I always laughed at IABC and PRSA's accreditation programs, with their secret tests purporting to prove passers proficient to practice ... public relations. It was amusing, listening to "Accredited Business Communicators" gas on about how much they learned about themselves from the process of studying for the test, and so forth.
But now that PRSA's APR program seems on the wane and IABC has suspended its ABC accreditation program altogether, I suddenly see the value in having some common standard of excellence—even if the "common" part of that phrase is more important than the "excellence."
In an industry as nebulous as communication, it's crucial to have, if not common tests, at least common texts. Communicators used to subscribe to trade publications, and have some regular reading in common. I worked for some of those publications, at Ragan Communications.
When I started at Ragan—a few years before anyone heard of the Internet—we published two kinds of newsletters:
1. Trade publications for PR people—The Ragan Report, Speechwriters Newsletter, Editor's Workshop Newsletter, Corporate Annual Report Newsletter and even a desperately dreary one called Techniques for the Benefits Communicator.
These weekly or monthly eight- and 12-pagers were filled with interviews with leaders in the business, case studies about successful communication campaigns, essays by top practitioners and survey stories that asked various communicators to weigh in on important issues and problems in the business. The editors of these publications were serious about their work, and performed to the accepted standards of journalistic integrity. And if people canceled their subscriptions or complained to our publisher about our critical coverage, it was tough shit for them, because this was serious business. It had to be, to command hundreds of dollars for a subscription, as these newsletters did.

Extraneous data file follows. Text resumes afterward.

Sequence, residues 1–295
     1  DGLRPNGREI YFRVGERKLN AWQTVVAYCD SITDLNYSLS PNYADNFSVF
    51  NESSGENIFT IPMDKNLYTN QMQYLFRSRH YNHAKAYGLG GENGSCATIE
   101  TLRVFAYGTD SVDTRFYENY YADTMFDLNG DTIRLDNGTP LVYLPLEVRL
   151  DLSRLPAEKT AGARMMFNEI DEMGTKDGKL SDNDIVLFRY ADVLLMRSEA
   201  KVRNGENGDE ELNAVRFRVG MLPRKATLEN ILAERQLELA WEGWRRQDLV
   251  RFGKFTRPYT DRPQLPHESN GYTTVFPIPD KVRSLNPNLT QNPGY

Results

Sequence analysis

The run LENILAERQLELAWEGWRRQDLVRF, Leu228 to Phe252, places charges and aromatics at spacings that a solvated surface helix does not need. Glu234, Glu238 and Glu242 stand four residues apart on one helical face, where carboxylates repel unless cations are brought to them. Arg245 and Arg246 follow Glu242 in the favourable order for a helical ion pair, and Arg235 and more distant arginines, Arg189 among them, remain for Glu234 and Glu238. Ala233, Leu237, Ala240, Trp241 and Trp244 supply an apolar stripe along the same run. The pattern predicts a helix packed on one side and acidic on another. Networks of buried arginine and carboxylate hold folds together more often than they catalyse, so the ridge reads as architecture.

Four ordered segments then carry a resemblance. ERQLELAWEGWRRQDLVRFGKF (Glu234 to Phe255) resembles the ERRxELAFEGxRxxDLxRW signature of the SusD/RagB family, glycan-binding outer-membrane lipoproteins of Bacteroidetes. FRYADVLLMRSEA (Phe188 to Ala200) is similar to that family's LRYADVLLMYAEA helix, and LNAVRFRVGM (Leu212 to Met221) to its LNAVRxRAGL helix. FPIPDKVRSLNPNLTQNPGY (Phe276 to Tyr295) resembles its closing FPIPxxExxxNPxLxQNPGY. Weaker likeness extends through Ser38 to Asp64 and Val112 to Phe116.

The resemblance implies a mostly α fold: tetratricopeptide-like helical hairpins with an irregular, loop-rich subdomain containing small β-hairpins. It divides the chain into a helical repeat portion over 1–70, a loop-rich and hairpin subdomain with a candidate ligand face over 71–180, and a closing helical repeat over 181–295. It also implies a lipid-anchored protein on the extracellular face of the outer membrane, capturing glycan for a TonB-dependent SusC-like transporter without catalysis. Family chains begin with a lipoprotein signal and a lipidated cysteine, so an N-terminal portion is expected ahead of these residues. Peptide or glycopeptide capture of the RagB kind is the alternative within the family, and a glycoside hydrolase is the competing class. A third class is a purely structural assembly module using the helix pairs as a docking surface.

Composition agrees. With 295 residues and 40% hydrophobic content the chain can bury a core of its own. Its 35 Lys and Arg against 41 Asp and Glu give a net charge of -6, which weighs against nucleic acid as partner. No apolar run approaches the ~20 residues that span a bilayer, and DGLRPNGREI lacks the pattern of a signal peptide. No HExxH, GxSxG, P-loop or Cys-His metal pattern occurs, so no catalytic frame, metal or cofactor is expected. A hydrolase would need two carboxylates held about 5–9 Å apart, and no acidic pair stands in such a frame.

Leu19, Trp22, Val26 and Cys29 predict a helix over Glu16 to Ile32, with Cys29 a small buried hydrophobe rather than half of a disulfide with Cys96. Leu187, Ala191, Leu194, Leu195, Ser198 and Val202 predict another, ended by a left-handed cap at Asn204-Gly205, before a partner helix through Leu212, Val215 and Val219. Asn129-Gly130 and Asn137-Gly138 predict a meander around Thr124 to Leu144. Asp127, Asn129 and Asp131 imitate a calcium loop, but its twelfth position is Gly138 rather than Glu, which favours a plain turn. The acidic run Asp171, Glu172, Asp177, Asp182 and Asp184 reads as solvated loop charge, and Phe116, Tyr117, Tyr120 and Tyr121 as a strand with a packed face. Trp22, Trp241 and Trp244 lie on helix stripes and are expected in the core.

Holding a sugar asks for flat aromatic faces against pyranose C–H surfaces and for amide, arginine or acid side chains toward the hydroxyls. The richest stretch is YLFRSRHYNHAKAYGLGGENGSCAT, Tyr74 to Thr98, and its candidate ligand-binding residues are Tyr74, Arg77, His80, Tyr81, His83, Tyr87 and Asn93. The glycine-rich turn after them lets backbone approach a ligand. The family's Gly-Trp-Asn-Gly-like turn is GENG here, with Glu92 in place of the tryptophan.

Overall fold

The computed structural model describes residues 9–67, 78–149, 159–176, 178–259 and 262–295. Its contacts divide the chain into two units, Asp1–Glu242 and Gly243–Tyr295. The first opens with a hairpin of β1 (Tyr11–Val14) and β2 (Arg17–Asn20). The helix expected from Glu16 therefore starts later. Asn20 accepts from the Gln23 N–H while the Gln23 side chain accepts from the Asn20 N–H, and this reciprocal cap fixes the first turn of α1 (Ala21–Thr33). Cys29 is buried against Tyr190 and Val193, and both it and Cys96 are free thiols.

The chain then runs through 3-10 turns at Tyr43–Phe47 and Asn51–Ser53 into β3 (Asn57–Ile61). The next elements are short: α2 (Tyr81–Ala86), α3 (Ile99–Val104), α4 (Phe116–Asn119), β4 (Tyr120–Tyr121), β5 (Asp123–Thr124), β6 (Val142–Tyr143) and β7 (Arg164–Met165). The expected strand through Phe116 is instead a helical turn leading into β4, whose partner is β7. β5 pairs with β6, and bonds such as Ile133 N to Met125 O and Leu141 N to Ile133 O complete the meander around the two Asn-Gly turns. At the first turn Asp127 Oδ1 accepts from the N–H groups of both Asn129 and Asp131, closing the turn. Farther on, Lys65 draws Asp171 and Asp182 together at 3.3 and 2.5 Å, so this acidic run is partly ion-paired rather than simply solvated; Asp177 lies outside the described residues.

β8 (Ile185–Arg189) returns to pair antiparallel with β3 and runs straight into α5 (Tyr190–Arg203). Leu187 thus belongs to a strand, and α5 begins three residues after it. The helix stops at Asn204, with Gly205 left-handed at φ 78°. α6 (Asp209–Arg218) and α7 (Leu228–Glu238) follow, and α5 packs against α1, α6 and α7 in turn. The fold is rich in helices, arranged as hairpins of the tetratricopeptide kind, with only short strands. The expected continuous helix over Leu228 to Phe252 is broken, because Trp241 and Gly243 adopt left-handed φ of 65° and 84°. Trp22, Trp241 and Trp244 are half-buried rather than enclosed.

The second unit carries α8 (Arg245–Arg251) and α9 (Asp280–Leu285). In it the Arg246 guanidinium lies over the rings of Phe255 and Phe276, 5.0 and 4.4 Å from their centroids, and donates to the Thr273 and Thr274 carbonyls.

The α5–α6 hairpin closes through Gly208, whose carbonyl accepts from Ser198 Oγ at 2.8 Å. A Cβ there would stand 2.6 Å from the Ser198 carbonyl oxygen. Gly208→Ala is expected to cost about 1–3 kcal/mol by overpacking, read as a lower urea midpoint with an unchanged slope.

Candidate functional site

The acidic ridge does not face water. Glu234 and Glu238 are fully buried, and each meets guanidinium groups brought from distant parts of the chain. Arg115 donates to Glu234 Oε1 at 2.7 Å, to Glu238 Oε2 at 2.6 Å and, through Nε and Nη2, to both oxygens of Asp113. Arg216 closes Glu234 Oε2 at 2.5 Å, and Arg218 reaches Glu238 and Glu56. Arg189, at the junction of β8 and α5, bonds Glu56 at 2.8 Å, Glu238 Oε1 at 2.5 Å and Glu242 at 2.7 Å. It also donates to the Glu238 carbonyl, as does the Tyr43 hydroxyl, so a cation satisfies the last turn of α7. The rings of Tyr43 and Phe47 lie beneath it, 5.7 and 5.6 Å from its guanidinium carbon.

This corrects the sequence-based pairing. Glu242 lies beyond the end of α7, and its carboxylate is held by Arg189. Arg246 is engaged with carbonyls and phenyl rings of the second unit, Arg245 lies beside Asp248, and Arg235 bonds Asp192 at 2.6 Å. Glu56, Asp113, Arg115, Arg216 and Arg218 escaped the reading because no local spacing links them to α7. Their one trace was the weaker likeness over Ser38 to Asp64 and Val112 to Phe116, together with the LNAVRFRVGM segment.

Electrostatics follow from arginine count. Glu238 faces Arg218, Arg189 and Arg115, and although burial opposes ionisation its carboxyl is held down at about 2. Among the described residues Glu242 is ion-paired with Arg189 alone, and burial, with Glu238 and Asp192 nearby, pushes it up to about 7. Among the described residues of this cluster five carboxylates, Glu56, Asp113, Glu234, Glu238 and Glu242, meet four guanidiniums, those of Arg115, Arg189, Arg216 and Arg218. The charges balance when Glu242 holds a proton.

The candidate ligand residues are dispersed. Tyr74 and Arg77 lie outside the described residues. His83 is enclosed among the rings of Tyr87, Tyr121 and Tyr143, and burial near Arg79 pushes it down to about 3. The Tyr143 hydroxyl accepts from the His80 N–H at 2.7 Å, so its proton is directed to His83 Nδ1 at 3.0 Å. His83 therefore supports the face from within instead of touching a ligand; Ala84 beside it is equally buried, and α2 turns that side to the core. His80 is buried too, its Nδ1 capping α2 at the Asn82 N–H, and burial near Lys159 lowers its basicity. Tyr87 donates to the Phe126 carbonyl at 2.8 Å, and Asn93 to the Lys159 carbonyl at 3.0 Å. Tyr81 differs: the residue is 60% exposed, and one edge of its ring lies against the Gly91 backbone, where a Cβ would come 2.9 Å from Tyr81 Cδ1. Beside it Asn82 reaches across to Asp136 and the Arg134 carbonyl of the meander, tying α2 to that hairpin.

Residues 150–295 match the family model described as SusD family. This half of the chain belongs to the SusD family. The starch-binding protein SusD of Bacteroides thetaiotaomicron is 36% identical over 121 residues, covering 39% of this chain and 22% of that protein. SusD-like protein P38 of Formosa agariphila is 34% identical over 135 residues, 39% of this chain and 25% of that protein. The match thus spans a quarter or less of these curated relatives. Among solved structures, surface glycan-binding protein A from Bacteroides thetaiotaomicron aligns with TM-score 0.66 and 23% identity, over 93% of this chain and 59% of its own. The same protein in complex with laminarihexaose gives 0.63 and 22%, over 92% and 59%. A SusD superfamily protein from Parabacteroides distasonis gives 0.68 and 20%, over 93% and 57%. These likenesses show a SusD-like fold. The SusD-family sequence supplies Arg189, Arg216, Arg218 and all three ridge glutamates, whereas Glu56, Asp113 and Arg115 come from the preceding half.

2. "Tips newsletters" full of cleverly written commonsense ideas for middle manager types. With names like Manager's Intelligence Report and The Working Communicator, these publications offered bulleted lists of tips, like: "At a cocktail party, hold your drink in your left hand so that when you meet someone your shaking-hand is warm and dry." To a one, the publisher, the marketer and the editor of every one of these publications were cynical about the purpose and contemptuous of the audience, which they saw as faceless masses of fools who believed that wisdom and competence could be achieved by merely compiling tips from sharpers like us.
Within a decade, the Internet had all but eliminated those cheap, silly tips newsletters.
And within 15 years, it eliminated the expensive, serious trade newsletters, too.
And what's left? A limp combination of both. A website that purports to offer "news and ideas for communicators," but really only offers generic tips that sound much like The Working Communicator (and worse). One day this month, here were the headlines at Ragan.com:
"The Winnie-the-Pooh guide to social media"
"6 secrets to create a powerful LinkedIn summary"
"8 foods that PR people should avoid"
"What communicators can learn from farmers"
"5 ways to make your brand sound human online"
"12 quotes about readers to inspire writers"
"The craziest excuses employees use to call in sick"
And so on. The only article approaching a case study was a thing on how a pizza chain "deftly" responded when a nude photo of a woman was uploaded to its Facebook contest for children. And what was this "deft" response? They immediately pulled the photo down and issued a corporate apology: "We were disappointed last night to see a shocking photo in our Mini Monsters contest ...."
We don't need a trade publisher to tell us to do that any more than companies need to hire a professional communicator to do that.
I'm not criticizing Ragan; I'm assuming Ragan.com editors are watching traffic patterns and serving their readers what their readers like to eat.
But here's the question that tortures my afternoon naps: When everything is bullshit, who will pay the bullshitters?